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Lagos traffic- a commoners perspective

Updated on September 17, 2017

Traffic and anger

A regular rush hour on the streets of Lagos
A regular rush hour on the streets of Lagos | Source

In defense of anger

I am a strong defender of anger, well that is not entirely true; but I am a believer that all characteristics of the human psyche have an evolutionary reason for existing- yes human beings are profoundly flawed and deeply self-defeating but I am trying to make a point- anger has a bad reputation. If as a collective society we are honest with ourselves, anger- a dangerous emotion with as flirtatiously difficult to wield as a double-edged spear- in the right hands can be cleansing.

Whose idea it was that the entire population of Lagos (17.5 million people estimate) could travel by land I do not know, but how the citizens of Lagos are fine with it must be a feat of human beings accepting their fate. Seriously- at the risk of turning this rant almost unread-ably pretentious- who took a serious look at a budding state and decided to model it after Los Angeles. Why?! I mean the obsession with suburbs as the ultimate living space (affordability be damned), the cultural and seemingly legislative infatuation with cars so that anyone not willing to drive receives a big middle finger, the shroud of smoke reminding your arteries of the impending stroke.

Interviews from drivers in the traffic of Lagos

The true problem

With all this- and the fact that most Nigerians seem to learn to drive through trial and error- Lagosians unapologetic-ally hit the road all day long, and importantly never complain. Okay sometimes they complain, but it really is more aggressive insults colorfully across the cars to bystanders and fellow drivers. Really it is more camaraderie building than complaints. This I feel is a problem. The general Nigerian spirit seems to be- Everything is crumbling but save money, pray and get on with it. This humble narrator (or maybe essayist, not sure that applies to this piece of work) sees this as a problem. Do not misunderstand me (he writes trying to desperately keep the dangling thread of this pieces’ train of thought together) the almost zen like ability of Nigerians to get through anything is a gorgeous testament to human resilience. I even find myself getting swept up in the infectious nature of the optimism that informs the attitude- however here is the thing about things with an infectious nature- a lot of them are deadly and this is one of them.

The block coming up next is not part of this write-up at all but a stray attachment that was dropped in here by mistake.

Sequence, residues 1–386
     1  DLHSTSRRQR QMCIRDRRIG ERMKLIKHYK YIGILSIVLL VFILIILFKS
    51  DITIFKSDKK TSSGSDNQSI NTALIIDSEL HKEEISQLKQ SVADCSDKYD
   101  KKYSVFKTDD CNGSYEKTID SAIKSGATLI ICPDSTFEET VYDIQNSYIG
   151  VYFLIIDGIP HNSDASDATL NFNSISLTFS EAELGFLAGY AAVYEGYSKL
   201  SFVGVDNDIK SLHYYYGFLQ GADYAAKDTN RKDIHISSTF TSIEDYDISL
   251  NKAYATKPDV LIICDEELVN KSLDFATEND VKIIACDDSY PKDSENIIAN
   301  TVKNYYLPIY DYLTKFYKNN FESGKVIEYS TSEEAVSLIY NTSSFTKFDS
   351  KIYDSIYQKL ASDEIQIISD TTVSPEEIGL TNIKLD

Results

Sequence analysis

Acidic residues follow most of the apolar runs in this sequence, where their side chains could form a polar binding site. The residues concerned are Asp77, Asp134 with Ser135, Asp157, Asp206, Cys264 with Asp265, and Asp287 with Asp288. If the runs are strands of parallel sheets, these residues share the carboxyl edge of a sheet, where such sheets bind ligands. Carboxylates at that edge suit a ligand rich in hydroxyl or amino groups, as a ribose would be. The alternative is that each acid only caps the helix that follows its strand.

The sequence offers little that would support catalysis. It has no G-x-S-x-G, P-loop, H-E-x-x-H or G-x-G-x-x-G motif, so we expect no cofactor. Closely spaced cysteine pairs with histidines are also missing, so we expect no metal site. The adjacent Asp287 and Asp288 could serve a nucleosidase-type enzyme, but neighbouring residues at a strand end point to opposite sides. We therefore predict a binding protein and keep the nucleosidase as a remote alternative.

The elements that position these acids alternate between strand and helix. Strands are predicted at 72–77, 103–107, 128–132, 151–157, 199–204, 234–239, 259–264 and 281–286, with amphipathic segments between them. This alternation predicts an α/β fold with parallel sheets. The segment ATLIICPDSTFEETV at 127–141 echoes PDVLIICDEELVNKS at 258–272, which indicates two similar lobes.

The possible solution

There is a running joke in the church I frequent, that if you can drive in Lagos traffic without losing your mind- you have Jesus. I am finding the sentiment of this joke truer and truer every-day. Population to government feedback is integral for a democracy to function, the “get on with it” attitude is partially preventing that from happening (we’ll talk about the Nigerian government at a time when I have acquired enough assets to hire a good lawyer). Suffice to say that whispers, silent insults and passive aggression on a whole will not work anymore- at least since it seems we are sticking with this democratic experiment. We need to get angry- and at the risk of sounding like some young, naïve anarchist- we need a revolution from the gutters, to the streets, to the palaces.

The collective voice of Nigerians as a unit is hard to ignore. And as bad as our leaders can be (an understatement but let’s keep this as concise as possible) scream into the void long and hard enough, and eventually it would echo. So here is to the hope that the thought I put into this is not pointless, because I want to be able to get home without a traffic induced case of PTSD(post, traumatic, stress-disorder).

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© 2017 Samuel


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      Yemi Shodimu 7 months ago

      My personal fear. There is a segment of the coming generation that will put a stop to all these our "rakatia" How they will do it? Dont ask me. This article is a warning signal. My ten kobo.

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      Funke Egbemode 7 months ago

      Wonderful job. We are all suffering from impotent anger in Lagos.